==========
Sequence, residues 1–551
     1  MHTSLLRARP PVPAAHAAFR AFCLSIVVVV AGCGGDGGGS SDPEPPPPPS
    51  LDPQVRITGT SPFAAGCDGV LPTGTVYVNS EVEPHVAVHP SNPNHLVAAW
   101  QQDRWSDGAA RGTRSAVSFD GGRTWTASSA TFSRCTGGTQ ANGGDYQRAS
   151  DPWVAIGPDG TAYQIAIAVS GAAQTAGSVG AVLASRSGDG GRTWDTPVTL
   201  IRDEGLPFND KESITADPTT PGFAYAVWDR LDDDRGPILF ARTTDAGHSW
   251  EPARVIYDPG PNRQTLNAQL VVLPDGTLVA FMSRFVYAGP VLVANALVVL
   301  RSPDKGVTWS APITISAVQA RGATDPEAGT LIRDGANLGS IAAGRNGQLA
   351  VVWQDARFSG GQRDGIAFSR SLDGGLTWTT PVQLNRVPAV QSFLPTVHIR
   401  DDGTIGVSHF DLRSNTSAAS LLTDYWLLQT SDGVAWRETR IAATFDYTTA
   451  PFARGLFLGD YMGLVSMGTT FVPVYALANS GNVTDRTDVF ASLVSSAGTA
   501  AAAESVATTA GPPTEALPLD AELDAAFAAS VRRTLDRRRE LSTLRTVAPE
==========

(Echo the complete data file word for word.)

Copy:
Sequence, residues 1–551
     1  MHTSLLRARP PVPAAHAAFR AFCLSIVVVV AGCGGDGGGS SDPEPPPPPS
    51  LDPQVRITGT SPFAAGCDGV LPTGTVYVNS EVEPHVAVHP SNPNHLVAAW
   101  QQDRWSDGAA RGTRSAVSFD GGRTWTASSA TFSRCTGGTQ ANGGDYQRAS
   151  DPWVAIGPDG TAYQIAIAVS GAAQTAGSVG AVLASRSGDG GRTWDTPVTL
   201  IRDEGLPFND KESITADPTT PGFAYAVWDR LDDDRGPILF ARTTDAGHSW
   251  EPARVIYDPG PNRQTLNAQL VVLPDGTLVA FMSRFVYAGP VLVANALVVL
   301  RSPDKGVTWS APITISAVQA RGATDPEAGT LIRDGANLGS IAAGRNGQLA
   351  VVWQDARFSG GQRDGIAFSR SLDGGLTWTT PVQLNRVPAV QSFLPTVHIR
   401  DDGTIGVSHF DLRSNTSAAS LLTDYWLLQT SDGVAWRETR IAATFDYTTA
   451  PFARGLFLGD YMGLVSMGTT FVPVYALANS GNVTDRTDVF ASLVSSAGTA
   501  AAAESVATTA GPPTEALPLD AELDAAFAAS VRRTLDRRRE LSTLRTVAPE